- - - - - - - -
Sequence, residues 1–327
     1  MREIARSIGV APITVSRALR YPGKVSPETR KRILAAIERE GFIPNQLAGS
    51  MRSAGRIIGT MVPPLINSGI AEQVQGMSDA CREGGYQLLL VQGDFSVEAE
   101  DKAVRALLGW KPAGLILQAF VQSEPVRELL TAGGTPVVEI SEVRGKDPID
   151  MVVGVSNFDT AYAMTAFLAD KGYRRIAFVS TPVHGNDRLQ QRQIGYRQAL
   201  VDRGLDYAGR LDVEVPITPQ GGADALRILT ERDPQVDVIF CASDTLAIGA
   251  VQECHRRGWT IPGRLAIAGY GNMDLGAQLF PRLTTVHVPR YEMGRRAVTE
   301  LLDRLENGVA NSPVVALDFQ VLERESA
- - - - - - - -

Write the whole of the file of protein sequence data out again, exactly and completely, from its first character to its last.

Sequence, residues 1–327
     1  MREIARSIGV APITVSRALR YPGKVSPETR KRILAAIERE GFIPNQLAGS
    51  MRSAGRIIGT MVPPLINSGI AEQVQGMSDA CREGGYQLLL VQGDFSVEAE
   101  DKAVRALLGW KPAGLILQAF VQSEPVRELL TAGGTPVVEI SEVRGKDPID
   151  MVVGVSNFDT AYAMTAFLAD KGYRRIAFVS TPVHGNDRLQ QRQIGYRQAL
   201  VDRGLDYAGR LDVEVPITPQ GGADALRILT ERDPQVDVIF CASDTLAIGA
   251  VQECHRRGWT IPGRLAIAGY GNMDLGAQLF PRLTTVHVPR YEMGRRAVTE
   301  LLDRLENGVA NSPVVALDFQ VLERESA